From the weights assigned, though, you'd think Shared Belief was in with a field that could actually give him some serious competition. The Candy Ride gelding is topweight at 125 pounds. Moreno is next with 121 pounds, and the rest of the field has from 114 to 117 pounds. The other two at 114 are Catch a Ride, an Argentine import whose top performance was third in a Brazilian Group I race, and Cool Samurai, who has been out of the money only once in six starts but has yet to earn black type.
Anything can happen in a horse race, and Shared Belief's competitors can always hope that the gelding either has a spectacularly bad day or gets a repeat of the terrible trip he suffered in the Breeders' Cup Classic (USA-I). Nonetheless, the assigned weights are ludicrous. Many observers believe Shared Belief is the best racehorse on the continent right now, yet he is not even being asked to pick up the standard 126-pound package of scale weight for an older male. As for the 11-pound spread against this kind of competition, the only legitimate reason for not assigning some of the other horses less -- much less -- is that they'd probably have trouble finding jockeys who could make the weight.
Unfortunately, the Santa Anita Handicap is only the latest in a long, long list of handicap races where the weights seem more governed by the desire to not upset the connections of a star horse than to fulfill the theoretical intent of a handicap: to give every horse in the race as nearly equal a chance of winning as the handicapper can contrive. It is getting rarer and rarer to see a top male asked to carry much over 120 pounds, and five-pound spreads in a graded handicap are not all that uncommon.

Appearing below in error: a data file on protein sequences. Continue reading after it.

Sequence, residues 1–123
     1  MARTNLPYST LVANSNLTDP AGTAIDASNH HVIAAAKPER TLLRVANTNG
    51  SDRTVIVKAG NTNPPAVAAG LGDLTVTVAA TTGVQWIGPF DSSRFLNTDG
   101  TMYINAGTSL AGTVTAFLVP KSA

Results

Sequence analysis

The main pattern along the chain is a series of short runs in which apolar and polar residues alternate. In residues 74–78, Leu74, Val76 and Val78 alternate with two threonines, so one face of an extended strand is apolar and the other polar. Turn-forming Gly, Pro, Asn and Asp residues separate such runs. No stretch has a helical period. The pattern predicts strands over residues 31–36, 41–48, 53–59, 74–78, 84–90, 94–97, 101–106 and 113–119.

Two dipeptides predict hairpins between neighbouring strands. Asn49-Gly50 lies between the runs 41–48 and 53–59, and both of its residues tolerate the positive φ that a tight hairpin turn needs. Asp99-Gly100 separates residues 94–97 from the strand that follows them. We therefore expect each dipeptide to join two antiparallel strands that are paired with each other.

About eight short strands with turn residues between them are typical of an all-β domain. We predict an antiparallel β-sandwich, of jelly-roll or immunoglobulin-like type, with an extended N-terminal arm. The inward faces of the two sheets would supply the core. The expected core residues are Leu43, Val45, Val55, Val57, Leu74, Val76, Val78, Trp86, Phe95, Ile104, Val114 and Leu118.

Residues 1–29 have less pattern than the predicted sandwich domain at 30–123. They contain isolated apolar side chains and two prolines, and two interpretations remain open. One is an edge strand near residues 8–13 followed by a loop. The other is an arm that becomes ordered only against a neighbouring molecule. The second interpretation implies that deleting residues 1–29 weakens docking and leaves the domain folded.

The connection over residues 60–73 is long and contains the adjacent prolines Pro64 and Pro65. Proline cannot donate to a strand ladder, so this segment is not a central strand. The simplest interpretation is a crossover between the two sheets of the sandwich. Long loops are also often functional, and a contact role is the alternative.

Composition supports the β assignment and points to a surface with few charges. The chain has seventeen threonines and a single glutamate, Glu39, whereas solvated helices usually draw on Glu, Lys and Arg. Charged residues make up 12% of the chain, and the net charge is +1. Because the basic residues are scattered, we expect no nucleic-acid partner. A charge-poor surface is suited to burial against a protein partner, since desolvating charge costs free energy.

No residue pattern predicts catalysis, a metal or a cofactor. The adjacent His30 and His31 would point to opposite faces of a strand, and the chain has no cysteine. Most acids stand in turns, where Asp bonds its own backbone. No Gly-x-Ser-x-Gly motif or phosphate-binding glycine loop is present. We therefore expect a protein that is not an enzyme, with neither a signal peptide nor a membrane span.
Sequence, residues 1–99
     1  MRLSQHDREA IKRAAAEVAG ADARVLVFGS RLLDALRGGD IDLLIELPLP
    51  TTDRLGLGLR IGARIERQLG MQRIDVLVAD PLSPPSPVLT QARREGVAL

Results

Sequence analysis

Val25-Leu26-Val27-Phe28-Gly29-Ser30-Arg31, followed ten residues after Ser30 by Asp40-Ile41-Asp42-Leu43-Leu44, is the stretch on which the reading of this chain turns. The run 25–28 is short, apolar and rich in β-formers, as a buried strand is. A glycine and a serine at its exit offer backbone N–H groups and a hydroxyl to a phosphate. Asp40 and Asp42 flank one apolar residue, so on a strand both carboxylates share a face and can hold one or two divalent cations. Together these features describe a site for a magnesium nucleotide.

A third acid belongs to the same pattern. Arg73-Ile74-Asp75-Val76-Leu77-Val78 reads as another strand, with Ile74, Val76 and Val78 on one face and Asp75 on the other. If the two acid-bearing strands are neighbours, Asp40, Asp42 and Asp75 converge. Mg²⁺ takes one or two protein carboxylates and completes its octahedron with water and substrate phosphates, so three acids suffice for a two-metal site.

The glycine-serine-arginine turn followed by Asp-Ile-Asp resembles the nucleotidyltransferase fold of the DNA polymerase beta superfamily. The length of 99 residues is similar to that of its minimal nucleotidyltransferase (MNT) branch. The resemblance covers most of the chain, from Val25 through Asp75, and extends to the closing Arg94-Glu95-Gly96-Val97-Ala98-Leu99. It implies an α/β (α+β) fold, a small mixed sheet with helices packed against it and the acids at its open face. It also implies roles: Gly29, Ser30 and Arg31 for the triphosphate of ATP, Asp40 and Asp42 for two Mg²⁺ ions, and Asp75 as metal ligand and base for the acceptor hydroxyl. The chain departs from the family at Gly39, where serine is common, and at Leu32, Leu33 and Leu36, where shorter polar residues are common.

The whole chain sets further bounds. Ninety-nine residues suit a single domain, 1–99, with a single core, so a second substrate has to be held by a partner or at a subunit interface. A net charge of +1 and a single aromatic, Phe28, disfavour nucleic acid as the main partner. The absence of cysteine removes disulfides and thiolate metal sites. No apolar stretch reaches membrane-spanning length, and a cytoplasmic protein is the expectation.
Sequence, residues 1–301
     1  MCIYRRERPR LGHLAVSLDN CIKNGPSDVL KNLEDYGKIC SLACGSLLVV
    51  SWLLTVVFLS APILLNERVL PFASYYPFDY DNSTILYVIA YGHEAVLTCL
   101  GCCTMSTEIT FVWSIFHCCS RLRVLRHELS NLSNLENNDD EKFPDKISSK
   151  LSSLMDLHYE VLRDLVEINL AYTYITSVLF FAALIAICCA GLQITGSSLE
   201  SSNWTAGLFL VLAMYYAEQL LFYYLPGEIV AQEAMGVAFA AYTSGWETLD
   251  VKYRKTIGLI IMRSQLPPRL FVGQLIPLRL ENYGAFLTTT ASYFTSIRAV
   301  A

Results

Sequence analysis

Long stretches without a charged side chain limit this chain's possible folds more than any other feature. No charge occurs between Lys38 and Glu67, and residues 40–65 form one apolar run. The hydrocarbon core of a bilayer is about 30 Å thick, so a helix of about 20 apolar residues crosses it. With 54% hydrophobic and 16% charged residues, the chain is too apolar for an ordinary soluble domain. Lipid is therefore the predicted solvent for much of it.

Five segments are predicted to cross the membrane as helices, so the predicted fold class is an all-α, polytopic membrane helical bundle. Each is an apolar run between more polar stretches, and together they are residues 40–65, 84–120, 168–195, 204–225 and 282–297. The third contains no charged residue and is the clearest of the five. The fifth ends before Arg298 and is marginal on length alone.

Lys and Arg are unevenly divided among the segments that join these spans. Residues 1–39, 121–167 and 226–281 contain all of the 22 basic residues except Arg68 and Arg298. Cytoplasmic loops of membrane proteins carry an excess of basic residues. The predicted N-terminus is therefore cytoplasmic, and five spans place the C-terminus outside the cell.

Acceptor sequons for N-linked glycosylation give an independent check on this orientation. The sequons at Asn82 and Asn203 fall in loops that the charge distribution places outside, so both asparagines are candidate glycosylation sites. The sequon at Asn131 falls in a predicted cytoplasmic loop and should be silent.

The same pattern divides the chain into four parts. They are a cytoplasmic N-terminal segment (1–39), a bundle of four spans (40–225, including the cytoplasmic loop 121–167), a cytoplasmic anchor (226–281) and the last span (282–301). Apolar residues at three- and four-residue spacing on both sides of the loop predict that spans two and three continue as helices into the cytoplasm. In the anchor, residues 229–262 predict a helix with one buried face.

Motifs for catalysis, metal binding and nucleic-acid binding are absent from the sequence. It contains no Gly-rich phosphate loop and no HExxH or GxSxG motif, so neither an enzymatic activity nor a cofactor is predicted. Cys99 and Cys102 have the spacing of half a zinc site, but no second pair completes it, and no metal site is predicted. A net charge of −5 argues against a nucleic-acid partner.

These races make handicaps pretty much meaningless as such. It meant something when a Discovery or a Forego could give away chunks of weight to high-class competitors and still win, and few fans felt a champion was disgraced by dropping a race to a lightly weighted rival -- something that happened just often enough to keep the longshot players hoping. It means much less when the spread of weights is such that the best horse looks like a shoo-in anyway, and such lopsided contests create the lack of betting interest that handicaps were supposed to address to begin with.
When handicaps neither serve the original purpose of encouraging bets and increasing handle nor provide a true measure of the superiority of the best horses against their competition, then it is time to let them go, at least so far as the best races are concerned. We would lose very little by requiring that all graded races be staged under level weights, weight for age or allowance conditions, and might well gain in the eyes of most of the rest of the racing world by eliminating the perceived possibility that an inferior horse can use a weight break to gain graded black type it really doesn't deserve.